Prodways machines to 3D print up to a million dental aligners per year in ‘largest ever project’

French engineering firm Groupe Gorgé’s 3D printing subsidiary Prodways has been awarded a contract to supply a ‘major industrial project,’ that will see its machines used to produce up to a million dental aligners per year. 

As part of an initiative by a ‘world-leading medical and dental distributor,’ Prodways’ has been contracted to ship eight MOVINGLight 3D printers and its related materials to multiple sites across the U.S. Over the next 18 months, this install base could eventually grow to as many as twenty machines, providing the firm with its largest project to date, and a recurring source of revenue for years to come. 

Prodways' ProMaker LD20 3D printers.
Prodways has received an initial order for eight ProMaker LD20 3D printers, but this number could rise to a total of twenty. Image via Prodways.

Prodways’ 2021 revenue boom 

Initially called ‘Phidias Technologies,’ Prodways was bought and renamed by Groupe Gorgé in 2013, as a means of bringing 3D printing pioneer André-Luc Allanic’s MOVINGLight technology to market. Like other DLP systems, MOVINGLight machines use high-powered LEDs to photopolymerize resins into parts, but in dental in particular, they’re said to be capable of achieving high-throughput results.

Over the last year or so, the firm has continued to build on MOVINGLight’s mass-production capabilities, adding both 3D Super-Resolution algorithms and Oqton software compatibility to its machines. These upgrades appear to have driven client demand, as Prodways was the fastest-growing segment of Groupe Gorgé in Q3, although this was also thanks to a materials deal with the Straumann Group

Following the recent commercial success of its subsidiary, Groupe Gorgé says that it has no intention of selling it, despite unveiling fresh plans to simplify its corporate structure in October 2021. Instead of divesting Prodways, as the firm has done with other parts of its non-autonomous robotics-related portfolio, it has hatched a plan to ‘deconsolidate’ it, by distributing many of its shares to shareholders. 

In order to achieve this, Groupe Gorgé intends to convene a combined general meeting of shareholders on December 14 2021, where it will propose an exceptional distribution in kind in which three Prodways shares will be issued for every two of its own. If agreed, the move would see this distribution in kind of Prodways shares paid on December 22 2021, with Groupe Gorgé retaining around 5.9% of the capital.

Raphaël Gorgé, Executive Chairman Prodways Group and Chairman and CEO of Groupe Gorgé. Photo via Groupe Gorgé
Raphaël Gorgé, CEO of Groupe Gorgé, said in October that it has no intention of selling Prodways. Photo via Groupe Gorgé.

A ‘multi-million dollar’ dental venture 

As part of the initial agreement signed with its unnamed client, Prodways is set to ship four of its eight-strong machine order to the U.S. by December 31 2021, with the rest expected to be delivered in Q1 2022. Each of these 3D printers will be MOVINGLight LD20s, the higher-end systems in the company’s dental range, which are capable of mass-producing aligners at a rate of up to fifty units per hour.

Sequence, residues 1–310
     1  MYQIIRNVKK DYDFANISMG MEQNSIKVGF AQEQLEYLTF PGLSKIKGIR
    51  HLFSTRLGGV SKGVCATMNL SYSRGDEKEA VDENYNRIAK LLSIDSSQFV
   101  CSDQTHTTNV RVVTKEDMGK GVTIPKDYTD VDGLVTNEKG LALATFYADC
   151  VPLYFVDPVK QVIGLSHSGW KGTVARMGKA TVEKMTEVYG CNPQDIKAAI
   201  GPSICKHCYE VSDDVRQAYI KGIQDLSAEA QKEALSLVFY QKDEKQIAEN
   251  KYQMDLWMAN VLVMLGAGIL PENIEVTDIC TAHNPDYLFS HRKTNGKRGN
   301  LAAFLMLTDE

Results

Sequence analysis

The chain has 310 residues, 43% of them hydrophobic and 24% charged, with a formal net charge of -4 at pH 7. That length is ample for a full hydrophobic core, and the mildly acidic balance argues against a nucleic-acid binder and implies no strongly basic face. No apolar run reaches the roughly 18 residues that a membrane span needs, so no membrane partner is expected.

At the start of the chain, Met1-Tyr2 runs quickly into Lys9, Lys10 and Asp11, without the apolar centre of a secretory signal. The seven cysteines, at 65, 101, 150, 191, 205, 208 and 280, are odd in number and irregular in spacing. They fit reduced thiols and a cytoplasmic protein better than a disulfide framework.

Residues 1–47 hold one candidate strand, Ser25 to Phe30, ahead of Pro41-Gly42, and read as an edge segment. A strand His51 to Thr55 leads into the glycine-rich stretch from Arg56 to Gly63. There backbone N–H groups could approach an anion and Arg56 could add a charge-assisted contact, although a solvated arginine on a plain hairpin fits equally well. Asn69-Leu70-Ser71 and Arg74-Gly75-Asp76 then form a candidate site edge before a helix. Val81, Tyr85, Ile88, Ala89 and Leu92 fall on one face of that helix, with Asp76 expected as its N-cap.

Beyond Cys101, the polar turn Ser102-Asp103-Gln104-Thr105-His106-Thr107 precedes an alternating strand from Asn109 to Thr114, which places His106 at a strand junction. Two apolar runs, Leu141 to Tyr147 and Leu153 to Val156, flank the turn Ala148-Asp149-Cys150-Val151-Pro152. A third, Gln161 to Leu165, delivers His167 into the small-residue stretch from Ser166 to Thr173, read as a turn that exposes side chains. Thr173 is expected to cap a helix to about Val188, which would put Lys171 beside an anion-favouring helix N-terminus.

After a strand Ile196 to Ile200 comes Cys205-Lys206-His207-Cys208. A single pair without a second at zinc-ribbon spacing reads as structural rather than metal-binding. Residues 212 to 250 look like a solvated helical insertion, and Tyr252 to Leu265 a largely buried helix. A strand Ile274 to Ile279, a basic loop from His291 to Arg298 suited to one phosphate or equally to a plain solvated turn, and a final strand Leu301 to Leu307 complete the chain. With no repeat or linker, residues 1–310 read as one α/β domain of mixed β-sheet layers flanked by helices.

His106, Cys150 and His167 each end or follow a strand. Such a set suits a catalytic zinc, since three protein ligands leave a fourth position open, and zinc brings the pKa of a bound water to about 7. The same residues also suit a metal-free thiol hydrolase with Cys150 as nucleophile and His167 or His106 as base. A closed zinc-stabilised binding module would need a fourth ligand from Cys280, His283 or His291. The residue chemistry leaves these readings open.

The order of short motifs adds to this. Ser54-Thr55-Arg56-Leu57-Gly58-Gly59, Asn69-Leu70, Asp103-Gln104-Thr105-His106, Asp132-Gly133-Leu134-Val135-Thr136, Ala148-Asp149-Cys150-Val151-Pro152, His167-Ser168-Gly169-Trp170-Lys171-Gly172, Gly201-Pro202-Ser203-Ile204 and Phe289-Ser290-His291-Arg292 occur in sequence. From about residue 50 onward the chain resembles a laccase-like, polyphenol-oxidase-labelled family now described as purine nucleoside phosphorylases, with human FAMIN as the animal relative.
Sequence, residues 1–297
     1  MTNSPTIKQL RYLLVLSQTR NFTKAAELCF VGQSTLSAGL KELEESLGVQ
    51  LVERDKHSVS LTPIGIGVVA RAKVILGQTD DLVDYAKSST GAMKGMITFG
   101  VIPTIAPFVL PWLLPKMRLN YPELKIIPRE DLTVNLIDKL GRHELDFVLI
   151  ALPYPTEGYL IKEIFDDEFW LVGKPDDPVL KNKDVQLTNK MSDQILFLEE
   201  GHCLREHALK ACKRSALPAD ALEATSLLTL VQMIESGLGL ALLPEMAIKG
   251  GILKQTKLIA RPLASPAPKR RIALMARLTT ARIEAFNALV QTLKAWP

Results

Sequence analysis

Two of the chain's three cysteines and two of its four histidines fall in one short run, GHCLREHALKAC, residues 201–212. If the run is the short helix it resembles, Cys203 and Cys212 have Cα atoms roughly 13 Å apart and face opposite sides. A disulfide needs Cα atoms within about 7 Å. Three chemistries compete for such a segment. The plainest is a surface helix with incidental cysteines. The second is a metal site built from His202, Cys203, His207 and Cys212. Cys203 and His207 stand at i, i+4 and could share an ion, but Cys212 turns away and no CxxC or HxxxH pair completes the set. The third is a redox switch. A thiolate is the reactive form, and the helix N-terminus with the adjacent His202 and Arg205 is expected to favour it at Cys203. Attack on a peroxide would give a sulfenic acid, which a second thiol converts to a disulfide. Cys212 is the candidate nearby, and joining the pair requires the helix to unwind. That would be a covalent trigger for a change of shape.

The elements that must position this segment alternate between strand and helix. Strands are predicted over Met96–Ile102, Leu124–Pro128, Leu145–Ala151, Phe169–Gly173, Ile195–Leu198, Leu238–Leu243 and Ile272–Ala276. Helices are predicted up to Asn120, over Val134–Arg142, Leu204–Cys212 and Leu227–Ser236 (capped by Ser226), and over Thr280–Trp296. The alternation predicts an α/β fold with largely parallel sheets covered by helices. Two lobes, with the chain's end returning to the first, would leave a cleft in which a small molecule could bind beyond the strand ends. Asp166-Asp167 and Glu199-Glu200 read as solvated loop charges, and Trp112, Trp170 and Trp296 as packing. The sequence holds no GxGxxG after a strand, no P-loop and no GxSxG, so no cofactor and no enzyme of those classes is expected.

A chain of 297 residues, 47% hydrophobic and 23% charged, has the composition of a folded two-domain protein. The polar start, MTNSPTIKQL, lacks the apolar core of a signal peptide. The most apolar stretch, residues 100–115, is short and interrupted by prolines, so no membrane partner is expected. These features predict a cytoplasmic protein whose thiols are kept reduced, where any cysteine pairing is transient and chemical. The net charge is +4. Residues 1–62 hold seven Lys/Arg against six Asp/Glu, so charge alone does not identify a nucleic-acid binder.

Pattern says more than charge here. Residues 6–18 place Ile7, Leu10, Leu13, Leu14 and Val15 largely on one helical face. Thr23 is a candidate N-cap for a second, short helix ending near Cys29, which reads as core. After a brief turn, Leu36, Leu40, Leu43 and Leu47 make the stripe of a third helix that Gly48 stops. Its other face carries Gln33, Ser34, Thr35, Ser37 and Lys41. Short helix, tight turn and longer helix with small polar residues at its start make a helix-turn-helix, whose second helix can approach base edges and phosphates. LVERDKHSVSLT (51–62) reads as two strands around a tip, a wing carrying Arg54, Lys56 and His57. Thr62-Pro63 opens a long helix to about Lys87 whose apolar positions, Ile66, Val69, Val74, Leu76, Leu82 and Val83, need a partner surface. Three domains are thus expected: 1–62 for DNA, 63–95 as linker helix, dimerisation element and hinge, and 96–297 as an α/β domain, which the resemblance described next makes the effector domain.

Featuring dual-385nm wavelength projectors and a customizable build platform, Prodways says that its ProMaker LD20 Models and LD20 Plus systems offer users both “industrial productivity” and flexibility, thus in practise, it believes they also have applications beyond transparent aligners, in the production of master models, drill guides and castable patterns. 

Alongside this shipment of LD20 systems, Prodways is set to provide its client with the newly-launched PLASTCure Absolute Aligner material. Designed specifically to address orthodontic modelling applications, the liquid resin will be in high-demand during the project, and if Prodways’ customer reaches its lofty production goals, it’s expected to need up to 30 tons of the polymer every year. 

Describing the contract as a “major commercial success,” Prodways adds that it has scope for “further development phases” as well, providing it with future revenue opportunities, while more broadly, it sees the deal as a way of “reinforcing its position as a leading player in orthodontic 3D printing,” and helping to further the digitization of tooth realignment treatments. 

A batch of Prodways 3D printed dental aligners.
Prodways is one of several 3D printing firms now operating in the dental space. Image via Prodways.

3D printing’s dental drive 

While Prodways continues to carve out its own share of the dental 3D printing market, it’s far from the only machine manufacturer operating in the sector. In September 2021, Formlabs launched a raft of updates to its portfolio, including the dental validation of its Fuse 1 SLS 3D printer and reformulation of its Model Resin. 

Materialise, meanwhile, has released a new easy-to-use Dental Module for its Magics software, that’s specifically designed to help streamline and scale the orthodontic 3D printing workflow. The add-on facilitates automatic print preparation within several common dental applications, such as the production of crowns, bridges, and partial bases.

On the material front, Liqcreate also unveiled two orthodontic-oriented resins in June 2021 with Dental Model Pro Grey and Dental Model Pro Beige. Developed alongside dental professionals, the SLA and DLP-compatible materials feature ultra-low shrinkage and a matte finish, making them ideal for manufacturing highly-detailed models.

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Featured image shows a batch of Prodways 3D printed dental aligners. Image via Prodways.